Norse Afterlife


Our current pop culture understanding of the Norse afterlife is a strange combination of the truth and some sort of ancient fiction. When we think of the Vikings and the afterlife in Norse mythology almost all of us are quick to shout that by falling in battle and dying with honor a viking was carried off to Valhalla, into the halls of Odin by a valkyrie. In our minds there is a firm distinction between the different realms of the Norse afterlife – Valhalla, Helheim or Hel, and Folkvang.

Norse Afterlife

Norse Afterlife Historic Records

One of the most difficult problems in figuring out the afterlife in Norse mythology is that it has been so long since anyone actively practiced it. The best records we have of how the religion was actually practiced was written centuries after the last true followers of the religion passed away. When someone finally got around to writing down the religion in full they met with the same problem we have today – that the accounts do not hold true across the writers and we also have the additional problem of people like Snorri Sturluson injecting their own religious beliefs into the Nordic system in an attempt to make it recognizable and understandable.

It is through Snorri Sturluson that we first get this idea of three different realms when all other writings leave you feeling more as though they are all parts of the same realm just spread apart from one another. After all, ask yourself, is Valhalla a part of Asgard? Or is it a separate plane of existence that fighters go to as their eternal reward after a bloody death in glorious battle? Surely it is a separate plane, you might say, after all even the gods go to Valhalla to fight and feast until called by Odin to fight at his side! It is Odin’s feasting hall… and there you must stop and reconsider. If the land of the gods is Asgard and it is here that Odin makes his home then might Valhalla not be a hall of feasting there in Asgard? Do the gods simply return to the immortal plain after death in battle in the mortal realms and here human souls can join them?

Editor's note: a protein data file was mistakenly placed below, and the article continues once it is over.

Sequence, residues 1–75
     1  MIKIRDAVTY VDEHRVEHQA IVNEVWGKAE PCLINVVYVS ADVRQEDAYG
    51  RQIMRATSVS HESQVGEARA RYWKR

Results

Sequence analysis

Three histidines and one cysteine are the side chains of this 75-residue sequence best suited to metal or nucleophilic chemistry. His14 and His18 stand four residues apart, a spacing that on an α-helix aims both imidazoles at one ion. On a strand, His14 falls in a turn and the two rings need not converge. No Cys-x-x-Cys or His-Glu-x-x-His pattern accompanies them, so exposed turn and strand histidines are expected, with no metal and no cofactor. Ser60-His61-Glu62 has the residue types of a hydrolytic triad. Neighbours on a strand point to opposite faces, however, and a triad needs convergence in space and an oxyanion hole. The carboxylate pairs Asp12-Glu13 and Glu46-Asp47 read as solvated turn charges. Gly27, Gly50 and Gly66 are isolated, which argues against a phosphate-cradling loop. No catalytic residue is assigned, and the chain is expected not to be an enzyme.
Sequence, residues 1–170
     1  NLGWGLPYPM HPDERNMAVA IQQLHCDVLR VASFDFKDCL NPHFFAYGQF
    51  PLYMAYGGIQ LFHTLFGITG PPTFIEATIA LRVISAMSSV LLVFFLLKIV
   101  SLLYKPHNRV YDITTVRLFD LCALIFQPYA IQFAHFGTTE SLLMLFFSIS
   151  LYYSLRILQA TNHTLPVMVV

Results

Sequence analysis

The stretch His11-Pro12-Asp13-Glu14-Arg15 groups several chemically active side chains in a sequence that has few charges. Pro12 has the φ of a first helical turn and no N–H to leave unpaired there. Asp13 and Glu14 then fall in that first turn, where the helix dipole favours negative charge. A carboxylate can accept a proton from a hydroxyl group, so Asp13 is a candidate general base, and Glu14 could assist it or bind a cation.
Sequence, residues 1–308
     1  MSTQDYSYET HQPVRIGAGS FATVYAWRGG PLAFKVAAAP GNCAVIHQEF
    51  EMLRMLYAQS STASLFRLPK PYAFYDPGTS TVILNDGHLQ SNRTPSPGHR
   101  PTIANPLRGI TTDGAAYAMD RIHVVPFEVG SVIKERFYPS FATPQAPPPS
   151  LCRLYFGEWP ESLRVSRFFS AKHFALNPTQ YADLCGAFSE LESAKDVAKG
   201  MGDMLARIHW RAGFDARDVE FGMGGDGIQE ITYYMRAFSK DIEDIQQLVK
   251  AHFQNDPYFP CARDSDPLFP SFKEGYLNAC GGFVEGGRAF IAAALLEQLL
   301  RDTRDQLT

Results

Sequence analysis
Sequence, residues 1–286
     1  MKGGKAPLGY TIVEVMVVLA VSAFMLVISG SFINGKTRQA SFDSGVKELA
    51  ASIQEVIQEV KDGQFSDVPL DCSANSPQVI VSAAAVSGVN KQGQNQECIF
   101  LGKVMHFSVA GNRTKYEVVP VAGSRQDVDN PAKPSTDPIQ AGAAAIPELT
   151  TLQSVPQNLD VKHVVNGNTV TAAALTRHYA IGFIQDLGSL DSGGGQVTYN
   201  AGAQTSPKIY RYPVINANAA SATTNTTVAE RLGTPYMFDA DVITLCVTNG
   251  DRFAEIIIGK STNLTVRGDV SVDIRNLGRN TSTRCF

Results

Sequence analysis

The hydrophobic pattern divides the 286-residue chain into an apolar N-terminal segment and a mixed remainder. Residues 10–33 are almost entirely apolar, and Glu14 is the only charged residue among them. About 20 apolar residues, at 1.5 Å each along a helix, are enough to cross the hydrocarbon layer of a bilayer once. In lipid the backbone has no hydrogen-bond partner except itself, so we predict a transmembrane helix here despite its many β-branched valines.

In the poem of Baldur’s death, when Hermod travels to Helheim to speak with Hel about returning the beloved god and brother there is no mention of crossing through planes and realms but instead of moving through deeper and darker valleys until he reaches a bridge guarded by a giantess and then a wall over which he leaps. Why then do we think of this as yet another plane? Perhaps it is simply another kingdom within the same plane.

Exploring ancient mythology can be a fascinating and frustrating adventure; and learning the in’s and out’s of the Norse afterlife is no different. Researching lost religions and cultures gives us a greater insight into our history as humans and where our core beliefs about gods, religion and the universe come from.


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